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Volume 28, Number 2—February 2022
Research Letter

Novel Anaplasmataceae agents Candidatus Ehrlichia hydrochoerus and Anaplasma spp. Infecting Capybaras, Brazil

Thállitha S.W.J. VieiraComments to Author , Flávia C.M. Collere, Larissa D.R. Ferrari, Rafael A. Baggio, Rogério R. Lange, Marcos V. Ferrari, Juan C.M. Duque, Gustavo S. Sanches, Nathália A. Pereira, Daniel M. Aguiar, Marcelo B. Labruna, and Rafael F.C. Vieira
Author affiliations: Universidade Federal do Paraná, Curitiba, Brazil (T.S.W.J. Vieira, F.C.M. Collere, L.D.R. Ferrari, R.R. Lange, M.V. Ferrari, J.C.M. Duque, R.F.C. Vieira); Universidade Federal de Minas Gerais, Belo Horizonte, Brazil (R.A. Baggio); Pontifícia Universidade Católica do Paraná, Curitiba (G.S. Sanches); Universidade Federal do Mato Grosso, Cuiabá, Brazil (N.A. Pereira, D.M. Aguiar); Universidade de São Paulo, São Paulo, Brazil (M.B. Labruna); Global One Health initiative, The Ohio State University, Columbus, Ohio, USA (R.F.C. Vieira)

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Abstract

We amplified Ehrlichia and Anaplasma DNA from Amblyomma dubitatum tick–infested capybaras (Hydrochoerus hydrochaeris) in southern Brazil. Sequencing of 16S rRNA, sodB, and groEL indicated a novel Ehrlichia species, and sequencing of 16S rRNA from 2 capybaras indicated a novel Anaplasma species. The tick vectors remain unknown.

Ehrlichia and Anaplasma species are tickborne bacteria that infect animals and humans worldwide. To date, 6 Ehrlichia species have been described (E. canis, E. chaffeensis, E. ewingii, E. muris, E. ruminantium, and E. minasensis), and 8 Anaplasma species have been described (A. bovis, A. capra, A. centrale, A. marginale, A. odocoilei, A. ovis, A. platys, and A. phagocytophilum). In addition, other native Ehrlichia species have been described in wild animals from Brazil (1).

Although capybaras (Hydrochoerus hydrochaeris), the largest living rodents in the world, have been implicated as a major amplifying host of Rickettsia rickettsii (the etiologic agent of Brazilian spotted fever) for Amblyomma sculptum ticks, studies focusing on other tickborne diseases agents are lacking in this rodent. Accordingly, we conducted a comprehensive survey for the detection of Ehrlichia and Anaplasma species in a population of capybaras from Pinhais Municipality, Paraná State, southern Brazil.

We retrieved blood samples from 17 capybaras and salivary glands from 11 Amblyomma dubitatum ticks from these capybaras that were collected for a previous study conducted in southern Brazil (2). We screened blood samples by using PCR targeting of the 16S rRNA gene of Ehrlichia and Anaplasma (3,4). We then tested samples positive by PCR by using PCR that targeted a fragment of the dsb and sodB genes of Ehrlichia species (1,5) and the groEL gene of Ehrlichia and Anaplasma species (6). We used blood samples from dogs positive for E. canis as positive controls and nuclease-free water samples as negative controls.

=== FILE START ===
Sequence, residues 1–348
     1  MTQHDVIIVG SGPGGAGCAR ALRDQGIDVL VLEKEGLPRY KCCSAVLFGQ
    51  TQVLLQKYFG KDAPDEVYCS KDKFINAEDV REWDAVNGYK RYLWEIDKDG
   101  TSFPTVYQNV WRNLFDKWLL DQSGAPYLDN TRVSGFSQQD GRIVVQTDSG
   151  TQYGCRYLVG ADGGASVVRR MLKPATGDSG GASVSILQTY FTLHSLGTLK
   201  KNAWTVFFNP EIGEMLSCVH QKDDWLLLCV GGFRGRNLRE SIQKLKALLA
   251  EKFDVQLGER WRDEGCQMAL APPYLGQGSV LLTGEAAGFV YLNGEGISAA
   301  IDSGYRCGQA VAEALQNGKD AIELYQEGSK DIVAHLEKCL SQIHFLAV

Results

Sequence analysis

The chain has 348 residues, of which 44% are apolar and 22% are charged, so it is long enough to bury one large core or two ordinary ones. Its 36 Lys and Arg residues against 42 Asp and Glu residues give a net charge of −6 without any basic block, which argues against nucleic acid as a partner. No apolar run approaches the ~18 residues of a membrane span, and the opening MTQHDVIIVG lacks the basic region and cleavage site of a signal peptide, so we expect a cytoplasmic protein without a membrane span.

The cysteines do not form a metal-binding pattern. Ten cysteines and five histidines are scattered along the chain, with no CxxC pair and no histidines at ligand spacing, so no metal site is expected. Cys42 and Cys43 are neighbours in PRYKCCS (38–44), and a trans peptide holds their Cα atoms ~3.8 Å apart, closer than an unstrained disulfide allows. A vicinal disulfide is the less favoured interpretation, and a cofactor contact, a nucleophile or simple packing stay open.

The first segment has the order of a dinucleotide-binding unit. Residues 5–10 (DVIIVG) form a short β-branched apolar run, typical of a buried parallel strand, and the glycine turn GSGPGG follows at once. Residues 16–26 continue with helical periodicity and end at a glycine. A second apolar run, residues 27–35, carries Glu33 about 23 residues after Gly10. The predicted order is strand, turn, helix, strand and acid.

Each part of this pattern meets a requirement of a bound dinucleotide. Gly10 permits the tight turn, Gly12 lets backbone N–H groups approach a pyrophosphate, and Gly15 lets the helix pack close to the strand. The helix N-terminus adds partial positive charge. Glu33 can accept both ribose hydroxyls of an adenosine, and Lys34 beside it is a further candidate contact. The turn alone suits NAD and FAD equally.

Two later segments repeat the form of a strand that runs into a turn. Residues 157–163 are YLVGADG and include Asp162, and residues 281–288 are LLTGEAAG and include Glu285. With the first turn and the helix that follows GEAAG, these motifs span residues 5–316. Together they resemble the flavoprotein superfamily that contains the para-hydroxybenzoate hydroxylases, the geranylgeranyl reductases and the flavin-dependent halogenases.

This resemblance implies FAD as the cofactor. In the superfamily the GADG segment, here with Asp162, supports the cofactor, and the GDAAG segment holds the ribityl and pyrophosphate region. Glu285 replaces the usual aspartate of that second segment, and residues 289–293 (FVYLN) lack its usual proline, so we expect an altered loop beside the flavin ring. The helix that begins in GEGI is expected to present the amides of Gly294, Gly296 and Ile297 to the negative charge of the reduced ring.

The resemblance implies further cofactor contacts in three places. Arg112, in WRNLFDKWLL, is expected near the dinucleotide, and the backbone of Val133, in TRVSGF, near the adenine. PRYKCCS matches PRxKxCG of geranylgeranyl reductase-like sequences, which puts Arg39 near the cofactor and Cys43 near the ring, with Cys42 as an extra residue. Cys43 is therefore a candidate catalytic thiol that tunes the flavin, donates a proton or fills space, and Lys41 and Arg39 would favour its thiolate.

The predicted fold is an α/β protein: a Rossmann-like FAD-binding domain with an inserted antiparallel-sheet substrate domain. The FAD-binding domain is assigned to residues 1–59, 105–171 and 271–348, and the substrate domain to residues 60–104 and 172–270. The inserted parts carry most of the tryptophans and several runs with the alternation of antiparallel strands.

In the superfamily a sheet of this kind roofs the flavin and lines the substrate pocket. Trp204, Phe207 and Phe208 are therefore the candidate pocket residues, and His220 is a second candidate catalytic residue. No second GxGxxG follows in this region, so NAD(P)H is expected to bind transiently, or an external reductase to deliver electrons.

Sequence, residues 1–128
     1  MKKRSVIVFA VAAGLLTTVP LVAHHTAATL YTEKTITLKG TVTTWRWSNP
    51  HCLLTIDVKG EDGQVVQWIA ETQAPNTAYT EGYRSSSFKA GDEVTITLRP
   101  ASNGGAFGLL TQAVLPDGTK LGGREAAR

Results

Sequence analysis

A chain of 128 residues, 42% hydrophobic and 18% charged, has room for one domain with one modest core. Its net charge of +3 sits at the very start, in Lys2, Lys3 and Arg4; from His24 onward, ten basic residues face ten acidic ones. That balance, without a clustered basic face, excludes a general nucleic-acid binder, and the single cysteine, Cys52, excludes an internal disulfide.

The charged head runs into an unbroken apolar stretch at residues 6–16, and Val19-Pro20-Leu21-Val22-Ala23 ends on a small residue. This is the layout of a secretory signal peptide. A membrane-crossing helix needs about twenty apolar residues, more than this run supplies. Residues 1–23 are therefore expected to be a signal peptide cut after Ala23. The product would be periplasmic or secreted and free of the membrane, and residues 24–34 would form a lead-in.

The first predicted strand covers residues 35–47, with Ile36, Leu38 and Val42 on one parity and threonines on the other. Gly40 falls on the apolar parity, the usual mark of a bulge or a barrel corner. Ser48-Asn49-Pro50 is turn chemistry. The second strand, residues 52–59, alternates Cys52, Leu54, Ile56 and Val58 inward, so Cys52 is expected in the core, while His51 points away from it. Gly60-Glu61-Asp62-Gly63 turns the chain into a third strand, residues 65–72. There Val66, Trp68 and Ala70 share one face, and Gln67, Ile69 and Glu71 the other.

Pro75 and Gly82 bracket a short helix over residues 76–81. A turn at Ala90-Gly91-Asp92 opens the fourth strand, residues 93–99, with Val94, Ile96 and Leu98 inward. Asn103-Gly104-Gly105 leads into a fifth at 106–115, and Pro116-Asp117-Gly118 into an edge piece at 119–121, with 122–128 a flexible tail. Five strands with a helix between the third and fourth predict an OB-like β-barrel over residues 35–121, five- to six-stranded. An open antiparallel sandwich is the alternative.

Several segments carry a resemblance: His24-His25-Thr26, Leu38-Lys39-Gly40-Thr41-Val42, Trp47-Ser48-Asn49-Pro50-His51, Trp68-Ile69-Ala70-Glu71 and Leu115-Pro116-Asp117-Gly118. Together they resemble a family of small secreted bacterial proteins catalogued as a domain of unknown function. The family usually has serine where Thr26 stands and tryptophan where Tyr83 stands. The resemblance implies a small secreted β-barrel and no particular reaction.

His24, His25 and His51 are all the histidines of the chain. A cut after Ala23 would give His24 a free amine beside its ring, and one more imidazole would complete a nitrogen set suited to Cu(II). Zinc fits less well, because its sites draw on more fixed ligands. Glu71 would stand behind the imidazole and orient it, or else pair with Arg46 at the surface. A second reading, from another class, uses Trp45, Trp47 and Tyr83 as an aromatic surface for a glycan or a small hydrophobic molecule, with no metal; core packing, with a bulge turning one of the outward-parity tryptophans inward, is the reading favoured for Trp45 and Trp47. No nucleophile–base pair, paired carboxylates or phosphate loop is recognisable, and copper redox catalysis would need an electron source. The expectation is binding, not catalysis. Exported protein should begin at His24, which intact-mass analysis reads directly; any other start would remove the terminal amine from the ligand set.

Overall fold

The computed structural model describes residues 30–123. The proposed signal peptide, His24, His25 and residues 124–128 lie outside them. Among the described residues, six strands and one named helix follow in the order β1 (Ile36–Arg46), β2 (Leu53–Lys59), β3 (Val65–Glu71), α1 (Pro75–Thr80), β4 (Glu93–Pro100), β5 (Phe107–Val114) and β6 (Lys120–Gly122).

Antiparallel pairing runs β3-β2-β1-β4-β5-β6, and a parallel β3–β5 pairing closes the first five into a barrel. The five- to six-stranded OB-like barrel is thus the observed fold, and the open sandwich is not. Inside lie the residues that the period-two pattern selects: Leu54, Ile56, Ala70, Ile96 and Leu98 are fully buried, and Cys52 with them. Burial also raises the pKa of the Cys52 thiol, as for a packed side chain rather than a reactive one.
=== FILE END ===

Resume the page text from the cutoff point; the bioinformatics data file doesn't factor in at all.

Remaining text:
The Ehrlichia 16S rRNA PCR assay yielded amplicons in 16/17 (94.12% [95% CI 73.02%–98.95%]) capybaras, from which we generated amplicons by the sodB PCR (300 bp) and groEL PCR (1,100 bp) assays. No sample yielded amplicon by the dsb PCR assay. We sequenced amplicons obtained from 4 16S rRNA, 5 sodB, and 4 groEL PCR-positive samples in both directions by using the Sanger method. We submitted all nucleotide sequences obtained to GenBank (Appendix).

We observed infestations by A. dubitatum ticks in all capybaras, from which we collected 26 males, 16 females, and 122 nymphs. Among salivary glands from 11 adult ticks, 1 (9.09%) tested positive for Ehrlichia species by the 16S rRNA PCR. However, multiple attempts to sequence the 16S rRNA gene detected in tick salivary glands were unsuccessful because of the faint bands.

We observed neither abnormalities nor inclusion-like bodies of Ehrlichia or Anaplasma during the evaluation of Giemsa-stained thin blood smears of the capybaras. We tested Ehrlichia antibodies in capybara serum samples with an indirect immunofluorescent assay using E. canis (São Paulo and Cuiabá strains) as antigens; serum samples were positive if reacting at a dilution >1:40 (7). A total of 6/17 (35.29% [95% CI 17.31%–58.70%]) capybaras showed antibodies against >1 of the E. canis antigens. When we used the Cuiabá strain of E. canis as antigen, 4/17 (23.53% [95% CI 9.56%–47.26%]) capybaras were seropositive, whereas 6/17 (35.29%) were positive when we used the São Paulo strain. Four capybaras were seropositive for both E. canis strains. Antibody endpoint titers ranged from 40 to 640 for both E. canis antigens.

According to serologic testing, PCR amplification, and DNA sequencing results, A. dubitatum tick–infested capybaras in southern Brazil may be infected with a novel Ehrlichia agent and a novel Anaplasma species. Serologic screening showed exposure to Ehrlichia species in 35% of the capybaras. A previous study failed to detect Ehrlichia DNA in spleen tissue of capybaras from southeastern Brazil (8), and we know of no previous study of Anaplasma species that has been performed in this rodent species.